Lood de jager has put his hand up for a senior Bok lock role. Photo: Sydney Mahlangu/BackpagePix

DURBAN – No matter who Rassie Erasmus picks for his Springbok second row, he is sure to have a case of “lock, stock and two smoking barrels,” to borrow from English movie director Guy Ritchie.

The Bok lock stocks have indeed seldom been better if you consider that - injury permitting - by the World Cup next year, Erasmus will have an embarrassment of riches in Eben Etzebeth, Lood de Jager, Pieter-Steph du Toit, Franco Mostert and RG Snyman, while bubbling under are bright new things in JD Schickerling and Marvin Orie; not to mention a slightly older hand in Ruan Botha.

The scary thing is that if all five of the frontrunners are fit and battle-hardened and the current lock pairing of Mostert and Snyman might not make the match 23 for the Boks’ World Cup opener against New Zealand in about 13 months’ time with the revelation yesterday that Erasmus wants to give Etzebeth a starting cameo against Argentina this weekend.

Etzebeth is fit again after nine months of recovery from a complicated shoulder injury. De Jager, meanwhile, is making good progress after undergoing pectoral muscle surgery and he could come into contention towards the end of the Rugby Championship, while Du Toit could force his way into the starting line-up, unless Erasmus wants to use him off the bench as cover for both blindside flank and lock.

Mark Andrews on Etzebeth: we need to see him using his power in every situation. Photo: Nic Bothma/EPA
Mark Andrews on Etzebeth: we need to see him using his power in every situation. Photo: Nic Bothma/EPA

Mark Andrews, one of the greatest locks this country has produced, has followed the progress of his second row successors, and his observations are both revealing and encouraging.

Running the rule over these five prime contenders, Andrews makes the following elucidations: “Mostert has the heart of a lion, he plays with his rev counter continually in the red. “He will never let you down ... he is not the biggest of guys but (he) doesn’t back down. I have a concern that size may prevent him from become a truly world class lock. I can tell you that it is intimidating when you play against a team with two world class, 2m-plus locks. It gives their team a real presence.”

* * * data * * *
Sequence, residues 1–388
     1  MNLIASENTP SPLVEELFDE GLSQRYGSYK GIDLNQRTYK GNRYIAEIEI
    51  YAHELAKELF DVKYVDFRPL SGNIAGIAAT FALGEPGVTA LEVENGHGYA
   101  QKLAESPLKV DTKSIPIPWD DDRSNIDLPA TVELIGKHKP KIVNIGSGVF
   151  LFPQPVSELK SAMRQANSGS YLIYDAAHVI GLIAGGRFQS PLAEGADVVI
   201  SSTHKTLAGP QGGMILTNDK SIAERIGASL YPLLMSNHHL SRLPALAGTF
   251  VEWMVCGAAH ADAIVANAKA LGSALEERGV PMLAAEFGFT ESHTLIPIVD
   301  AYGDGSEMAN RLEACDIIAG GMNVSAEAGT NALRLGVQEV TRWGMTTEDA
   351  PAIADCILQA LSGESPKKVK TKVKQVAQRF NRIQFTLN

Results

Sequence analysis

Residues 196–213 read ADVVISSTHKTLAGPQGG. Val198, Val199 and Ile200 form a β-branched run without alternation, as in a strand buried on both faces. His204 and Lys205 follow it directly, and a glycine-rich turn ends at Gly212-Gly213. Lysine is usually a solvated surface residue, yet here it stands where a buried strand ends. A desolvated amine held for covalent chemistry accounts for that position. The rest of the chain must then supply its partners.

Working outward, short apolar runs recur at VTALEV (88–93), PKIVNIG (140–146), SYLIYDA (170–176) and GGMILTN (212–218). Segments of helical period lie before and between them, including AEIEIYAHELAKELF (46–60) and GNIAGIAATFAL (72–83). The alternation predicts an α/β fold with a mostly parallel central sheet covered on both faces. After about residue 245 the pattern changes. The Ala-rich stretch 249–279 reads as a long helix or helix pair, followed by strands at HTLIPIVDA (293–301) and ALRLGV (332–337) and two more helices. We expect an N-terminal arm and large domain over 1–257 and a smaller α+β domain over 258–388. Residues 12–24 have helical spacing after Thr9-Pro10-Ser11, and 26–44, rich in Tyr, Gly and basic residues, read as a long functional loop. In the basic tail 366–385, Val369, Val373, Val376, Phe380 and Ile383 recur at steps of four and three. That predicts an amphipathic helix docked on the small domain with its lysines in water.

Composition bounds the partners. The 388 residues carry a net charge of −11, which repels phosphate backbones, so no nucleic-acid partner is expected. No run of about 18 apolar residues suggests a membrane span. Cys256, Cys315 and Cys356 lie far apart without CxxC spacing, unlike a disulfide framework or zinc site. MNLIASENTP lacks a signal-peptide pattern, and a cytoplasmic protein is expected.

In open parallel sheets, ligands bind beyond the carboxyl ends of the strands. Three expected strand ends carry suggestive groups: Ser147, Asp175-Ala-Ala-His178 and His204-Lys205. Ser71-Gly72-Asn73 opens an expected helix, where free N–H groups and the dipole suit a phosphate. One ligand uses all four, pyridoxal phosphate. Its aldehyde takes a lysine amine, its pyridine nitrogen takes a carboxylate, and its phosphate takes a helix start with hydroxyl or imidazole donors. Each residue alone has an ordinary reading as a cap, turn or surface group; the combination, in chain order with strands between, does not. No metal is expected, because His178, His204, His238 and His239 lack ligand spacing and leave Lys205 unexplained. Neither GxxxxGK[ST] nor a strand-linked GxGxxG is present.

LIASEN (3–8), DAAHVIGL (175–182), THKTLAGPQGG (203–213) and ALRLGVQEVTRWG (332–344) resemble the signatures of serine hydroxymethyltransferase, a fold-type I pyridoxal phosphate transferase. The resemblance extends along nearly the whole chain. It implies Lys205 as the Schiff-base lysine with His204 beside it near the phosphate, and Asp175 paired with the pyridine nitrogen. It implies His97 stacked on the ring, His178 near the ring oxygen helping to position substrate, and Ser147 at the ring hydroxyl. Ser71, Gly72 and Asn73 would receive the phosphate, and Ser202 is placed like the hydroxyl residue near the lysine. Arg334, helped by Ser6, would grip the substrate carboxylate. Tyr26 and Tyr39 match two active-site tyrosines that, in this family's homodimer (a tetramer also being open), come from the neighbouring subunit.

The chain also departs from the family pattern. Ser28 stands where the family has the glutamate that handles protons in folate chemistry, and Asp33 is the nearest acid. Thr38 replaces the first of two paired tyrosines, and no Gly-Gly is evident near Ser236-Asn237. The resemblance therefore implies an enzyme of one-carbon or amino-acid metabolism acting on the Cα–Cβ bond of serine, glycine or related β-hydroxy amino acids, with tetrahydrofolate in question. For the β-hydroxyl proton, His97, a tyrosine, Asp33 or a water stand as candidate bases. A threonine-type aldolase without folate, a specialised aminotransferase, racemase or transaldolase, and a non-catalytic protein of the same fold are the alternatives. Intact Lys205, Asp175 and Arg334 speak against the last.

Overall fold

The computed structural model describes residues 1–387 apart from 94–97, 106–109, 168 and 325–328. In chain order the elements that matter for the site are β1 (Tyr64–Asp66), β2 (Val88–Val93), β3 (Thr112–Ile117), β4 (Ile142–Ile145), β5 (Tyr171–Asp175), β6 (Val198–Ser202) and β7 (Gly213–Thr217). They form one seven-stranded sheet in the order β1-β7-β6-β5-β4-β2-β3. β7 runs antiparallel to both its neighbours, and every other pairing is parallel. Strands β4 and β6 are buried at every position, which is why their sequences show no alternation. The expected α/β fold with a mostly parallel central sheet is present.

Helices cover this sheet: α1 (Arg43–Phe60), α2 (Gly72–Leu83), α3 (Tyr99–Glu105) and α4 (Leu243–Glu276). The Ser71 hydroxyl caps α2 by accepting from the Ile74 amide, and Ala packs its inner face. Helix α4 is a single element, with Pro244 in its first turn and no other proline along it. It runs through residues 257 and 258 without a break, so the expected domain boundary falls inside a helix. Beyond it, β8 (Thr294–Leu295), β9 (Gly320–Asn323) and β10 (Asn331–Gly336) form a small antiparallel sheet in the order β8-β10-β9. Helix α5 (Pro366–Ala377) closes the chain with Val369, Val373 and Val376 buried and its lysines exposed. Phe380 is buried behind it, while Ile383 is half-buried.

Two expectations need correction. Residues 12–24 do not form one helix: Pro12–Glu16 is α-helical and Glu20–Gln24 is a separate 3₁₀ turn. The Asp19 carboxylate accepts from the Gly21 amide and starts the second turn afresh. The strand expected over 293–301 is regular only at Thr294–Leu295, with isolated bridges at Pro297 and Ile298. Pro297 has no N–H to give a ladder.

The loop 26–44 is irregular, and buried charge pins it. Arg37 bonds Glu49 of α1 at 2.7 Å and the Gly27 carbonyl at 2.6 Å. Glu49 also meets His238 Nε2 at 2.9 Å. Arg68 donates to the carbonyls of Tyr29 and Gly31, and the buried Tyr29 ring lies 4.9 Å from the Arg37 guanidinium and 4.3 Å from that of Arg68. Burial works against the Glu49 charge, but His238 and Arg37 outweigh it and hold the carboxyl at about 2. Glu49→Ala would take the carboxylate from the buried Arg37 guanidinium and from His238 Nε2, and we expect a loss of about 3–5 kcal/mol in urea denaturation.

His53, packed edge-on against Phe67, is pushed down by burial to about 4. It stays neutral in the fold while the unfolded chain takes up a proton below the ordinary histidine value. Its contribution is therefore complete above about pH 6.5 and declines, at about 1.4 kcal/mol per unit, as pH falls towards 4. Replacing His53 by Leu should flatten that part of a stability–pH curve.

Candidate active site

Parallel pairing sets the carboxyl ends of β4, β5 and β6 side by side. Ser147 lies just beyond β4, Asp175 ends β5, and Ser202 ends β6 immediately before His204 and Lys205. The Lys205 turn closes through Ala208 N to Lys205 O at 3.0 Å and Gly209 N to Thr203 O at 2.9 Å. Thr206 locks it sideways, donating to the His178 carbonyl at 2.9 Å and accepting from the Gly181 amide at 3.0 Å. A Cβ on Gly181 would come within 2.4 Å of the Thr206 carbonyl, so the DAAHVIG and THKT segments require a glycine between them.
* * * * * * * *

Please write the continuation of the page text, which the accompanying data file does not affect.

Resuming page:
Andrews says that 23-year-old RG Snyman has been a revelation this season.

“RG makes his tackles and does his set piece basics well. He is still raw, though, and I would like to see him play alongside an experienced lock that can bring out the best in him,” Andrews said.

Andrews says De Jager is a class act, an intelligent player that reads the game superbly to get himself into position to make tackles or to support the ball carrier, while his running of the lineouts is exceptional.

Mark Andrews pegs Pieter-Steph Du Toit for a starring RWC role. Photo: Chris Ricco/BackpagePix
Mark Andrews pegs Pieter-Steph Du Toit for a starring RWC role. Photo: Chris Ricco/BackpagePix

Andrews is equally impressed with Du Toit.

“I cannot rate Pieter-Steph highly enough. When he gets going, there are few locks in the world to match him ... He has to be one of the three locks in your match day squad, with his ability to cover flank possibly working against him as a starter.”

Which brings us to Etzebeth.

“We see his aggression all the time, a fair amount of it after the whistle has gone, but if Eben wants to be the best lock in the world, I feel we need to see him using his power in every situation.

“We need to see better body position with ball in hand rather than being upright. We need to see him putting players on their backsides more often in strong tackles. He is good at the grab tackles but if you look at similar players like (former Crusaders and All Blacks captain) Reuben Thorne and Bakkies Botha ... they smashed the opposition into the turf.”

Finally, if you had to put a gun to Andrews’ head, who would he pick for that World Cup opener against the All Blacks?

“Etzebeth and De Jager to start and Du Toit on the bench.”



The Mercury

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